Wednesday, 2 September 2009

Is ABC really as easy as 123?

A high circulation - combined, of course, with decent informative editorial - is at the heart of every good free newspaper.
After all our strength is the little figure - found commonly on the back page or page 2 - which reveals the number of homes our product gets to.
Advertisers still love circulation figures because it equates to readers, and we are almost entirely dependent on the money they spend each week in our papers.
So, when our management decided at the beginning of the year that it would be a wizard wheeze to cut costs by slashing distribution, everyone else thought it was the act of incompetent fuckwits.
And how the chickens have finally, and beautifully, come home to roost with the new ABC figures.
My titles' circulations are down by tens of thousands of editions. In one case a quarter, another a third of their previous totals.
We print them next week and advertising staff are already being 'trained' how to lie their arses But our advertisers are not stupid and, mostly, live locally. They suspected this was coming months ago.
When little Billy the paperboy from number 7 gets the bullet from his £2.50-a-week job and they don't get a paper that week, they knew about it.
When their mum from the other estate and their brother-in-law from three streets over also don't get a paper they get a call.
When they meet other business people and hear the same stories they started to realise they are getting fed a rather large and unpleasant shit sandwich - with no sauce.
Now they actually know they are chomping on a turd baguette.
Readers are also equally unimpressed when they suddenly stop getting what they thought was their local paper.
They talk. They know. After all where the fuck do we get our stories from.
Suddenly your paper has gone from the powerful champion of the people, to an irrelevant, barely read, unreliable free sheet.
I see tumble weed and the hear the tolling of a single bell.
Once a decent ABC figure is achieved it should be cherished and protected.
Paperboys and girls found dumping editions in skips and under bridges should be flogged then sacked.
Every complaint to my desk about lack of delivery means at least 50 editions, sometimes as many as 200, have not reached their destination ie into the readers glorious, slightly sweaty, mitts. I used to get 5 a week. I now get 15-20.
I encourage and cajole my reporters to take each complaint seriously by recording it and sending it to our distribution department.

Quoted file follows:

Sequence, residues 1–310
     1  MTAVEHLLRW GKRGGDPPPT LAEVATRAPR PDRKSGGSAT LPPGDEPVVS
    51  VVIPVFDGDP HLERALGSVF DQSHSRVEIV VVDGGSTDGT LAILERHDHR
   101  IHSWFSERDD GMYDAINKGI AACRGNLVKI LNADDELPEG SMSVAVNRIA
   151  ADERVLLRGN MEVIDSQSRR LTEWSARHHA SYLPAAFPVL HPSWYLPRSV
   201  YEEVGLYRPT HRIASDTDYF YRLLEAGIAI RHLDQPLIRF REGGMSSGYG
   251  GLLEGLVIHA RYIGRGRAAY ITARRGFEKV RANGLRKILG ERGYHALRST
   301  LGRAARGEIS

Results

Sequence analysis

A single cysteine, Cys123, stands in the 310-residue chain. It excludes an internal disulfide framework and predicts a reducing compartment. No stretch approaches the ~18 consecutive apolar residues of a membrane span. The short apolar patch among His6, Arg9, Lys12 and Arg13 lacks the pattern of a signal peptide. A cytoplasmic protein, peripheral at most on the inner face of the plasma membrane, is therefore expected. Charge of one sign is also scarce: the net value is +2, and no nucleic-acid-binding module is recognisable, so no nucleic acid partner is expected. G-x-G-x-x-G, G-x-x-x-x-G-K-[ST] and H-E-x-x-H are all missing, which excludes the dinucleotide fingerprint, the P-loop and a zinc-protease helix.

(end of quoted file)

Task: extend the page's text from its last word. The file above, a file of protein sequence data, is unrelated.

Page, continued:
The very best complaints - those from powerful local figures or advertisers - I email to our head of distribution, our MD and group ed.
The resulting fall out of these latest 'cost saving' measure, I predict, will cost the company - and more importantly our papers' reputations - far more than the few thousand quid they 'saved' over the last six months.
This is short-term, bean-counting bullshit thinking at it finest.
Do management arseholes who have been in this industry longer than ten or twenty years actually realise all of their 'improvements', 'efficiency savings' and 'modernisations' over the years are the reason we are now witnessing the extinction of newspapers?
Or do they wake up and wonder how it is the newspapers they bring out weren't as good as they were six months or a year ago? Despite the fact six months to a year ago they sacked half the staff.
Short term cuts are always seen over a long term period, you absolute no mark wankers!
Wake the fuck up before it's too late!


  1. Same here too - our circulation dept is no more. Just an empty room with a solitary phone with no-one to answer it. So, who do we get in touch with when the newsagents complain in their droves that their deliveries haven't arrived? Fuck knows. Some twat in head office about 200 miles away probably who doesn't give a shit. Isn't progress great?

  2. Oh Blunt - there is as much chance of them coming to their senses as a psychotic murderer caught at the crime scene with a bloodstained axe.
    They know what they've done by following business strategies that actually destroy the products. But they're not going to own up, why should they?
    Meanwhile the money has rolled in.. for them. Fat salaries for bean counters, bonus schemes that reward mediocre executives (including some editorial chiefs) for cutting costs rather than shifting more papers, bringing in fancy and expensive 'consultants' to 'identify efficiencies' and 'help manage change'.
    The worst characters pay lip service to customer care, product development and decent marketing.
    What they've done is the commercial equivalent of you or I running a libellous story every week. But they will get away with it because as the decision makers they can declare it's all down to market forces, trading conditions, stroppy journalists, blah blah blah.
    And the description by Anonymous, above, of their circulation dept: 'Just an empty room with a solitary phone with no-one to answer it' is a one sentence colour piece that sums it all up.

  3. The fifth Yorkshireman3 September 2009 at 15:02

    Lets face it, Free sheets are fucked - every businessman with a 17 year old relative has worked out thast its a hell of a lot cheaper and better for their ego to get them to design a cheapo website than advertise in a newspaper - and they won't come back when times are better.
    Regional dailies are fucked too - the BBC regional websites have seen to that. The only glimmer is in the weekly paid-fors, which are just about surviving despite the best efforts of the management to destroy them.
    BTW one local freesheet which started out as a paid for 100 years ago went back to being a paid for in the outlying areas, and it actually worked, selling 1,000 copies a week. fortunately the opposition is shite, but it just goes to show...